From 1862 to 1999, sugar was the dominant agricultural crop in Maui, blanketing the western slopes. At the peak of production for Pioneer Mill, over 5,000 acres of flowing green fields produced 45,000 tons of sugar.
In order to move all the burned cane stalks between the fields and the mill for processing, railroad tracks spanned the plantation and were the primary mode of transport. In addition to hauling the large amounts of cane, it was also a way that plantation workers would move between work and their homes.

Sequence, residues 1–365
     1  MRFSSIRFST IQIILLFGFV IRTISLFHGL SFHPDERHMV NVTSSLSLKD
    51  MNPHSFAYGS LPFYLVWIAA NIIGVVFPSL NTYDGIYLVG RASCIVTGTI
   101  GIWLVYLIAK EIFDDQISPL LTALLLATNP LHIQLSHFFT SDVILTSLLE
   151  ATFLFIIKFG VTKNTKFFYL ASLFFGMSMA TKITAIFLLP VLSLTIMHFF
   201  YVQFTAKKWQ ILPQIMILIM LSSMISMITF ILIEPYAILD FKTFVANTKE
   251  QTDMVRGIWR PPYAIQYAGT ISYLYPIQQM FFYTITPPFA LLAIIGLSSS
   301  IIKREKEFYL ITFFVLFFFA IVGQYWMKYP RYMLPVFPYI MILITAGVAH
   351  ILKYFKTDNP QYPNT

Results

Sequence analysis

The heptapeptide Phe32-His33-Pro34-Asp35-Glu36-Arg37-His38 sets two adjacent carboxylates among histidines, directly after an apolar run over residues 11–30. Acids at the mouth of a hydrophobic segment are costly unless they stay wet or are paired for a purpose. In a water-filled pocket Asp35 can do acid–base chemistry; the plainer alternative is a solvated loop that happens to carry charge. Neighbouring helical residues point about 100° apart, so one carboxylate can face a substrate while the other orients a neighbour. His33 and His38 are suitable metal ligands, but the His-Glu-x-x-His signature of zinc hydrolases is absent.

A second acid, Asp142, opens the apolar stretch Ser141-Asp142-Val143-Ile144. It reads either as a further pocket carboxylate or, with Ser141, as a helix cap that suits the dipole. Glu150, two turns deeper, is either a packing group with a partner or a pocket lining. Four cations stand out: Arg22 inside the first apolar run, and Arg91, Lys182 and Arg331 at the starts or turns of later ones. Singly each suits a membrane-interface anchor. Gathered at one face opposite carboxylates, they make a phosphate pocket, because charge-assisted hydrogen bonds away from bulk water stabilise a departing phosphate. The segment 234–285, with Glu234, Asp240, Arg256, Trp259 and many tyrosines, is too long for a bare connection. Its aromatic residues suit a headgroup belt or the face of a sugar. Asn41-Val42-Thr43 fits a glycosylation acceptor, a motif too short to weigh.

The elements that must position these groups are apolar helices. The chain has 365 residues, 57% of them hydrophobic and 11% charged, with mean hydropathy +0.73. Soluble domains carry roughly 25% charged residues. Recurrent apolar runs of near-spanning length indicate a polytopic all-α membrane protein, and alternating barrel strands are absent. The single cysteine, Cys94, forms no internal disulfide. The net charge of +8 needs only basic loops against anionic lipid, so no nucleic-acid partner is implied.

As the 20th century wore on, however, tourism grew, sugar faded, and the railroads drifted into obscurity.
Today, the island's lone remaining railroad spans a six-mile stretch of track between Lahaina and Kaʽanapali. Historically used as a passenger train, the "Sugar Cane Train" is now an historical draw and an adventurous outing for children.
This steam-driven locomotive still blows its whistle as it prepares to depart the station, and while development encroaches on the sides of the track, there's still a section of wooden trestle that offers sweeping views of the ocean.
More than just a fun afternoon for train enthusiasts and children, the Sugar Cane Train is a functional throwback to Maui's plantation day past.